Author: Phillida Brooke Simons
Publisher: Fernwood Press
Cape Town, 1998
Hardcover, dustjacket, 28x25 cm, 176 pages, throughtout photos and illustrations
Charles Bell war ein talentierter Künstler, Landvermesser und Designer im Kapstadt des 19. Jahrhunderts und leistete zahlreiche Beiträge zur Kunst uns zu Sozial- und Wirtschaftsfragen im damaligen Südafrika.
Charles Davidson Bell – artist, land surveyor, designer of stamps, medals and silverware – was an interesting man of many and varied talents.
His contribution to the aesthetic, social and commercial life of 19th-century Cape Town was enormous, yet for a hundred years after his death very little was known about him.
The return of much of his oeuvre from England to Cape Town in 1978 has enabled historians and art historians to appreciate much of his work, and this publication reveals even more to the world at large.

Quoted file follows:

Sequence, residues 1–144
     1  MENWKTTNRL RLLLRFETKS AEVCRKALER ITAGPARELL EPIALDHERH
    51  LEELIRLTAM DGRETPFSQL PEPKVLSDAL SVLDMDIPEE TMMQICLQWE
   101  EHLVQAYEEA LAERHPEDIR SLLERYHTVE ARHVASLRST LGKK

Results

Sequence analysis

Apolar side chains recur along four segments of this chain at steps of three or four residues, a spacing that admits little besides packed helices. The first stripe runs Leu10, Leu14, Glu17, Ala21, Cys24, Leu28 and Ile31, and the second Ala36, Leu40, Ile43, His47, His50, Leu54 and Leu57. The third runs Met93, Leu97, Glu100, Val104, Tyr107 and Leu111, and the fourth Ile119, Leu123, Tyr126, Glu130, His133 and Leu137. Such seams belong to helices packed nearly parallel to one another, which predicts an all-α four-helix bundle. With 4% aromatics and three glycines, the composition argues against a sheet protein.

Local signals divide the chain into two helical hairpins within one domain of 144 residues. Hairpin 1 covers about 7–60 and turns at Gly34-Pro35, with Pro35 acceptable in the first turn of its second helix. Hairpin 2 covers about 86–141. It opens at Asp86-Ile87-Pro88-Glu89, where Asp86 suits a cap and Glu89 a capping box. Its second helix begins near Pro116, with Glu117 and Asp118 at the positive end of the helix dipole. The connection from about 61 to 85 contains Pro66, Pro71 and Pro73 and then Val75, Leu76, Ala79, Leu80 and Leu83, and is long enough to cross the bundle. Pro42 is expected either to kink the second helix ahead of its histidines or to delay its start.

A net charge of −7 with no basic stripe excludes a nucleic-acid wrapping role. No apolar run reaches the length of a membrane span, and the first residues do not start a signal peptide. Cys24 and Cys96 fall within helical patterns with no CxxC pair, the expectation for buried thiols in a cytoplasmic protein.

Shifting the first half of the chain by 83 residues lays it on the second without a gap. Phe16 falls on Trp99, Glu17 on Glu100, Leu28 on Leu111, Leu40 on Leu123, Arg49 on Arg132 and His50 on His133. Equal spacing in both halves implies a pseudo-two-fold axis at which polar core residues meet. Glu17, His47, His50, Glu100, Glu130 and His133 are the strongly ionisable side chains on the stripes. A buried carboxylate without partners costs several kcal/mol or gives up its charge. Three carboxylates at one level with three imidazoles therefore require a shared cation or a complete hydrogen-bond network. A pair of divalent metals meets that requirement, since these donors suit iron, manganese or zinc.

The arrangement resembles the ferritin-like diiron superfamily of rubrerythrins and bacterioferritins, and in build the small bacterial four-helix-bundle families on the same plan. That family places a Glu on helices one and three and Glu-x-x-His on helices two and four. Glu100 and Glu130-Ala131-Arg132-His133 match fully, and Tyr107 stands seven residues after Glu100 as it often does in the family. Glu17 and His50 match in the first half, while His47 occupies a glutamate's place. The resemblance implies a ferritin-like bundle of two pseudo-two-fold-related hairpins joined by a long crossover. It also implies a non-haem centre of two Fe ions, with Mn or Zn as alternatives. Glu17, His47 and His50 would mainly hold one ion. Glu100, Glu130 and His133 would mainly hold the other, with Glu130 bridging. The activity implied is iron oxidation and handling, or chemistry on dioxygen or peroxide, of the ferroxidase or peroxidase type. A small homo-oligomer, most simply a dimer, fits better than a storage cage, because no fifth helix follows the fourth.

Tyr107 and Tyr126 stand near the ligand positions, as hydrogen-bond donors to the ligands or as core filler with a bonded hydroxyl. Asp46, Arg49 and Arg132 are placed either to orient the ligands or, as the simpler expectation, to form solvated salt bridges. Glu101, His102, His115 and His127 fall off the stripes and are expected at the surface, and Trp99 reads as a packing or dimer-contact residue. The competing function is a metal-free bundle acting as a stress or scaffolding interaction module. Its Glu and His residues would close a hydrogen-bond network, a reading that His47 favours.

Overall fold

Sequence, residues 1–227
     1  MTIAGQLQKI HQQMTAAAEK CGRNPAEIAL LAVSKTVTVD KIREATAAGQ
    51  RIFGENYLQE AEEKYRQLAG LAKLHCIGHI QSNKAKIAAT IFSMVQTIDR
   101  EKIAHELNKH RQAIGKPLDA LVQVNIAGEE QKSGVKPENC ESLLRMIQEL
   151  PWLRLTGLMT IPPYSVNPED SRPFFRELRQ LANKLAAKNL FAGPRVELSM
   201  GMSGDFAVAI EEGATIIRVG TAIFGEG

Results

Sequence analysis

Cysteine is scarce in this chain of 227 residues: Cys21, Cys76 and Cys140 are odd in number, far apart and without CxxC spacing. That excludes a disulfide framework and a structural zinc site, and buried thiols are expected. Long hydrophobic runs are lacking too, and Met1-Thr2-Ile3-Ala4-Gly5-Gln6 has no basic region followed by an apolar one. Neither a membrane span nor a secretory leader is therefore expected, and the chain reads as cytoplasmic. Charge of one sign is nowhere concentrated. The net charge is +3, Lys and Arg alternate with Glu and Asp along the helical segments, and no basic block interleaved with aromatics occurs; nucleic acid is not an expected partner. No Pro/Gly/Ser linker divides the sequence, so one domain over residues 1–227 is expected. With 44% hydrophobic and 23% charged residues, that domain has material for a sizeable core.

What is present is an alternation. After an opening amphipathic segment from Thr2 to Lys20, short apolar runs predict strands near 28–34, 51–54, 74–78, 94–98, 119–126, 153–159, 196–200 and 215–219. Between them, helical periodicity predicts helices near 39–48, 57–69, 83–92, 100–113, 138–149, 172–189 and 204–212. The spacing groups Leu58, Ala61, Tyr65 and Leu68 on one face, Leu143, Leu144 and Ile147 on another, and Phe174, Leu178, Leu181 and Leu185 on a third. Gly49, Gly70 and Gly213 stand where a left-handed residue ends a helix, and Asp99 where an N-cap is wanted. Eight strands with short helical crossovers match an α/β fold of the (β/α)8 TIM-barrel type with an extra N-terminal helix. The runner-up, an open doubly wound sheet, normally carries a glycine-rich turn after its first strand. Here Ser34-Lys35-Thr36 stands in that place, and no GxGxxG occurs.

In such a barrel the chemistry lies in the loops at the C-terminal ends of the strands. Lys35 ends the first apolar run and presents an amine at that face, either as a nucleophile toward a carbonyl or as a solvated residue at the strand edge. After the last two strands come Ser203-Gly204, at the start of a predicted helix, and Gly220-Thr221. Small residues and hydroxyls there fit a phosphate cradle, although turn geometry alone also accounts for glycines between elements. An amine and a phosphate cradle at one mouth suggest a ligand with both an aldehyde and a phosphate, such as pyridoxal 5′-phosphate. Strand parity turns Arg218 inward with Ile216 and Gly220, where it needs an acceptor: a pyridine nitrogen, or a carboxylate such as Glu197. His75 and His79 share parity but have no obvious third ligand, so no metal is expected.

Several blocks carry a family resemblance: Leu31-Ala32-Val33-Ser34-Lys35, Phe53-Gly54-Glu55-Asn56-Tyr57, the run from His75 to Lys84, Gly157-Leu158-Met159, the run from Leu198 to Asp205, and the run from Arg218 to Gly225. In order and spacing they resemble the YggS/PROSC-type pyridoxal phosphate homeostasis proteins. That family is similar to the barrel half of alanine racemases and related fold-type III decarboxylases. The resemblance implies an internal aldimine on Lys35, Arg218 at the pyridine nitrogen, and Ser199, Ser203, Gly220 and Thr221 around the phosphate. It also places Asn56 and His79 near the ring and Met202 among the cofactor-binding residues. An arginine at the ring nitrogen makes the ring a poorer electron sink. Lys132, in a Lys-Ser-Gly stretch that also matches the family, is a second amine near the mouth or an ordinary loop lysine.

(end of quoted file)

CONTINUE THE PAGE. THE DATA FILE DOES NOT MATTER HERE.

Meticulously researched text is complemented by some 130 of Bell's most appealing sketches and paintings, many of which reveal his quirky sense of humour.
The artist's sensitive depictions of the heterogeneous population of Cape Town and of the indigenous people he encountered on his expedition to the Tropic of Capricorn provide a valuable record of life in 19th-century South Africa.
An in-depth appraisal of Bell's diverse creations by Professor Michael Godby completes this portrayal of a remarkable man. (Michael Godby: The Art of Charles Bell: An appraisal)